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Cyril, Oklahoma
Town
Location of Cyril, Oklahoma
Location of Cyril, Oklahoma
Country United States
State Oklahoma
County Caddo
Area
 • Total 0.6 sq mi (1.5 km2)
 • Land 0.6 sq mi (1.5 km2)
 • Water 0 sq mi (0.0 km2)
Elevation 1,365 ft (416 m)
Population (2010)
 • Total 1,059
 • Density 1,778/sq mi (686.6/km2)
Time zone Central (CST) (UTC-6)
 • Summer (DST) CDT (UTC-5)
ZIP code 73029
Area code(s) 580
FIPS code 40-19000
GNIS feature ID 1091906

Cyril is a town in Caddo County, Oklahoma, United States. The population was 1,059 at the 2010 census.

Geography

Cyril is located in southeastern Caddo County at 34°53′53″N 98°12′10″W / 34.89806°N 98.20278°W / 34.89806; -98.20278 (34.897969, -98.202843). U.S. Route 277 passes through the town, leading northeast 23 miles (37 km) to Chickasha and southwest 28 miles (45 km) to Lawton. Oklahoma City is 66 miles (106 km) to the northeast via US 277 and Interstate 44.

According to the United States Census Bureau, Cyril has a total area of 0.58 square miles (1.5 km2), all of it land.

Demographics

Historical population
Census Pop.
1920 386
1930 922 138.9%
1940 972 5.4%
1950 998 2.7%
1960 1,284 28.7%
1970 1,302 1.4%
1980 1,220 −6.3%
1990 1,072 −12.1%
2000 1,168 9.0%
2010 1,059 −9.3%
Est. 2015 1,046 −1.2%
U.S. Decennial Census

As of the census of 2000, there were 1,168 people, 438 households and 307 families residing in the town. The population density was 2,028.6 per square mile (777.5/km²). There were 523 housing units at an average density of 908.3 per square mile (348.2/km²). The racial makeup of the town was 87.16% White, 0.17% African American, 9.42% Native American, 0.17% Asian, 0.51% from other races, and 2.57% from two or more races. Hispanic or Latino of any race were 2.74% of the population.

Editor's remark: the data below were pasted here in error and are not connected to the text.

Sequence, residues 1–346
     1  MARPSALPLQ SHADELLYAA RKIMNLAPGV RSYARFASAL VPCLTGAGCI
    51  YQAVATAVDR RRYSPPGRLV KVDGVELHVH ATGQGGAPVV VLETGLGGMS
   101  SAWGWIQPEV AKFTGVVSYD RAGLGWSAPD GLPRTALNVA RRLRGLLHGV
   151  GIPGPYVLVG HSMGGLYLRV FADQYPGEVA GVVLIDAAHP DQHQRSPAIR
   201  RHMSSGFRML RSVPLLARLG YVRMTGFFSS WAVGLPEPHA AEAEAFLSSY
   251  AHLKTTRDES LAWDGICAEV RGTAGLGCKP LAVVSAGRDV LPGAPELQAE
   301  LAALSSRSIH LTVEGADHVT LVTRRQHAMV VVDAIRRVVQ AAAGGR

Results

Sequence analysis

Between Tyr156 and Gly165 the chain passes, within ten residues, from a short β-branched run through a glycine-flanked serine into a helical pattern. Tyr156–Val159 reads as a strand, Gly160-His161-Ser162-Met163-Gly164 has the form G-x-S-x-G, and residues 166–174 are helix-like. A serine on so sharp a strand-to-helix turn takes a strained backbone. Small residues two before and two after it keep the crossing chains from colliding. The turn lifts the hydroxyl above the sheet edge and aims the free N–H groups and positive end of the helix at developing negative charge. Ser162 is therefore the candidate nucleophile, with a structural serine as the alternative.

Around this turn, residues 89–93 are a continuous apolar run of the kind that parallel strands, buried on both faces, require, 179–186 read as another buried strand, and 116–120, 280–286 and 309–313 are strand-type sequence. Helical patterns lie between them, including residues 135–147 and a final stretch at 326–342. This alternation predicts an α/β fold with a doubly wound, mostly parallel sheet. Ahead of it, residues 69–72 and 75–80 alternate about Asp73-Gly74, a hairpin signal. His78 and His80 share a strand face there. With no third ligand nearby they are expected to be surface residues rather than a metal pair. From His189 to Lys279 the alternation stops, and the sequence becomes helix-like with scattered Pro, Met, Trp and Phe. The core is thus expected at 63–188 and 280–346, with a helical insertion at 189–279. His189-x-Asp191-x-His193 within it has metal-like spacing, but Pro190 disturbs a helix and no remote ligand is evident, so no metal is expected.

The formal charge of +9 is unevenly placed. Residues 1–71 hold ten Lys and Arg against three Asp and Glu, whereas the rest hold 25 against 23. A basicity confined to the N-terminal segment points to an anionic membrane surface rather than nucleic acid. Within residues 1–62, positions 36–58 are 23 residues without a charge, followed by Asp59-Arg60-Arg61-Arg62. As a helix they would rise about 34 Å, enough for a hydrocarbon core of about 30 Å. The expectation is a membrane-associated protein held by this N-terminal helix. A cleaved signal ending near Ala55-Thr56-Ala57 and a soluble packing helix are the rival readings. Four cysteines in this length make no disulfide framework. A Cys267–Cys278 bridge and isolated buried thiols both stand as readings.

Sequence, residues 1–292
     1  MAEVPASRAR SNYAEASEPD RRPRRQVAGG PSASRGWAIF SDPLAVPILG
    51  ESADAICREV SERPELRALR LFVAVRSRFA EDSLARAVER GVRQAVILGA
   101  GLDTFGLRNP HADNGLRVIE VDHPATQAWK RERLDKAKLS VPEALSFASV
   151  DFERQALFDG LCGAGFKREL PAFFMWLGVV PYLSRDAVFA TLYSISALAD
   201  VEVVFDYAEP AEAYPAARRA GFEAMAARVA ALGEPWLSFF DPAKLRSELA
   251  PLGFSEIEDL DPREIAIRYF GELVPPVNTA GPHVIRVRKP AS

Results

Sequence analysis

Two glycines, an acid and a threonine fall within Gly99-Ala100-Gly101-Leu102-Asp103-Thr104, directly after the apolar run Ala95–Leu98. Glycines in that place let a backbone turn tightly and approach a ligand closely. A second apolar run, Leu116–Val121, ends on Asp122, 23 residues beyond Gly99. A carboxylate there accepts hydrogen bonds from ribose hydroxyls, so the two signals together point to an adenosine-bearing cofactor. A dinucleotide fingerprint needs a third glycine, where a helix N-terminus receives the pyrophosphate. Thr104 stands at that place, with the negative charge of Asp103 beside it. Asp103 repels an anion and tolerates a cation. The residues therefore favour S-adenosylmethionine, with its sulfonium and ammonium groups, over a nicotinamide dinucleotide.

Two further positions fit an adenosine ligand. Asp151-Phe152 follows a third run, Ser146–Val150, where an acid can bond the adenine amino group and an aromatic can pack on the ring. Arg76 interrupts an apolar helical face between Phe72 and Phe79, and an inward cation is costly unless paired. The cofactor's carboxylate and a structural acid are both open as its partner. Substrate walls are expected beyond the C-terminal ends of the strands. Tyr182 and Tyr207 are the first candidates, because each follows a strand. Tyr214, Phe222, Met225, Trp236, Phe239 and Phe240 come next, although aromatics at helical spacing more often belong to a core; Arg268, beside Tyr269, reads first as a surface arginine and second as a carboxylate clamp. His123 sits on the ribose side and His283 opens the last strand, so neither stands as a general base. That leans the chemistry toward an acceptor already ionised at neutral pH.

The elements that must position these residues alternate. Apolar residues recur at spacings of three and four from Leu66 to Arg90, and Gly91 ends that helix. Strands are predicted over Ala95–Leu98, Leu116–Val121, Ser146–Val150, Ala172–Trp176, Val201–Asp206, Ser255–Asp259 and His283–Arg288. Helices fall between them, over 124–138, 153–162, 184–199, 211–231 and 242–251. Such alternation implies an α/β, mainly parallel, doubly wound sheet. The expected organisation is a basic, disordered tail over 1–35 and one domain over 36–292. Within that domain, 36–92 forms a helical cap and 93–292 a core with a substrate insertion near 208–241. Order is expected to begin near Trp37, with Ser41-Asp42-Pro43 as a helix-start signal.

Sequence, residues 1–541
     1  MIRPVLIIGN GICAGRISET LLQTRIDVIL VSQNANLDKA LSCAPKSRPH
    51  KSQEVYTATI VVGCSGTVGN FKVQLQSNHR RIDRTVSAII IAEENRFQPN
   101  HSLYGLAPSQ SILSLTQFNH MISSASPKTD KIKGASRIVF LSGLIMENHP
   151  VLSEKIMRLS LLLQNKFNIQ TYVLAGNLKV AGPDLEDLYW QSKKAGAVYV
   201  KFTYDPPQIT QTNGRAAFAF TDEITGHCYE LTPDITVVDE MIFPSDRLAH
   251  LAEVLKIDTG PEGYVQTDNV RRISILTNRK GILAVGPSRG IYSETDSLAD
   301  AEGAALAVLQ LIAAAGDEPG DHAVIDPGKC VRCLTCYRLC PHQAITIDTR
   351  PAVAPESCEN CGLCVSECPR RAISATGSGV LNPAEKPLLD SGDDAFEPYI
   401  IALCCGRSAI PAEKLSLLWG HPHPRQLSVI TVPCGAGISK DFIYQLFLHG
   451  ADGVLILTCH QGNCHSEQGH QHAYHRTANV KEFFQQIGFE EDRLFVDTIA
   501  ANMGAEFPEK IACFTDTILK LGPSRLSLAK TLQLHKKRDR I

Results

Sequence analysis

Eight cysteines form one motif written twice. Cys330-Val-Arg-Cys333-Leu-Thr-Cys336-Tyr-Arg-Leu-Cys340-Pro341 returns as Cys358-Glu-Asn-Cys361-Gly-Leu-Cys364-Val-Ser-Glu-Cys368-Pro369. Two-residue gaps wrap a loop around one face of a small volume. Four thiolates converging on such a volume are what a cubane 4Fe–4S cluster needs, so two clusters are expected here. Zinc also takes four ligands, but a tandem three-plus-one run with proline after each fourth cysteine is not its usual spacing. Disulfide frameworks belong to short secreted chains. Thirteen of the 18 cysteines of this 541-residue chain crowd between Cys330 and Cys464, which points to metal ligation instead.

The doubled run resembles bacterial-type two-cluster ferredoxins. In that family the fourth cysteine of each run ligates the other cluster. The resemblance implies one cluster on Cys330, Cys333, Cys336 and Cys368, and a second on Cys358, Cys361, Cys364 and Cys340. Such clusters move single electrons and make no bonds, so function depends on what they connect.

There were 438 households of which 34.2% had children under the age of 18 living with them, 53.2% were married couples living together, 13.2% had a female householder with no husband present, and 29.9% were non-families. 28.3% of all households were made up of individuals and 16.0% had someone living alone who was 65 years of age or older. The average household size was 2.55 and the average family size was 3.14.

In the town, the population was spread out with 29.4% under the age of 18, 6.8% from 18 to 24, 25.8% from 25 to 44, 17.0% from 45 to 64, and 21.1% who were 65 years of age or older. The median age was 35 years. For every 100 females there were 84.8 males. For every 100 females age 18 and over, there were 76.7 males.

The median income for a household in the town was $27,772, and the median income for a family was $33,750. Males had a median income of $29,500 versus $16,563 for females. The per capita income for the town was $14,227. About 16.6% of families and 20.5% of the population were below the poverty line, including 30.7% of those under age 18 and 10.6% of those age 65 or over.

History

On August 25, 1901, Louise (probably called Cyril) Lookingglass, the infant daughter of Bayard (Monapahrah) and Laura (Tit-tah-ter-way) Lookingglass, was allotted 160 acres (0.65 km2) of land that would become the Cyril townsite. Louise Lookingglass died in 1903. Bayard Lookingglass sold one-half of the allotment to Mr. and Mrs. Pierson on July 26, 1907. The Piersons sold the land to the Cyril Townsite and Development Company on September 10, 1907.

Although there is some dispute, the Cyril Station appears to have been named circa 1902 after Bayard and Laura Lookingglasses' daughter when they granted the railroad permission to build a section house next to the railroad stop. Some believed that the town of Cyril was named after the Cyril Station of the St. Louis-San Francisco Railroad. However a diligent search of all sources including Frisco Railroad, found no supporting evidence.

The townsite was surveyed, plotted out and dedicated in September 1907. Construction began in early 1908 and by April there were 200 inhabitants, 3 hardware stores, 3 grocery stores, a general tin and pump house, restaurant, rooming house, pool hall, two barber shops, blacksmith shop, lumberyard, feed yard and feed mill.

The town was the site of an oil refinery from the early 1920s until it was closed in 1984. During that time, the refinery was operated by Anderson-Prichard Refining and later Oklahoma Refining. It was the major economic driver for the town, employing 160 people at the time of closure. An unsuccessful attempt was made in the early 1990s to restart part of the refinery. As of 2010, the refinery had been demolished and the site was a Superfund environmental cleanup site.

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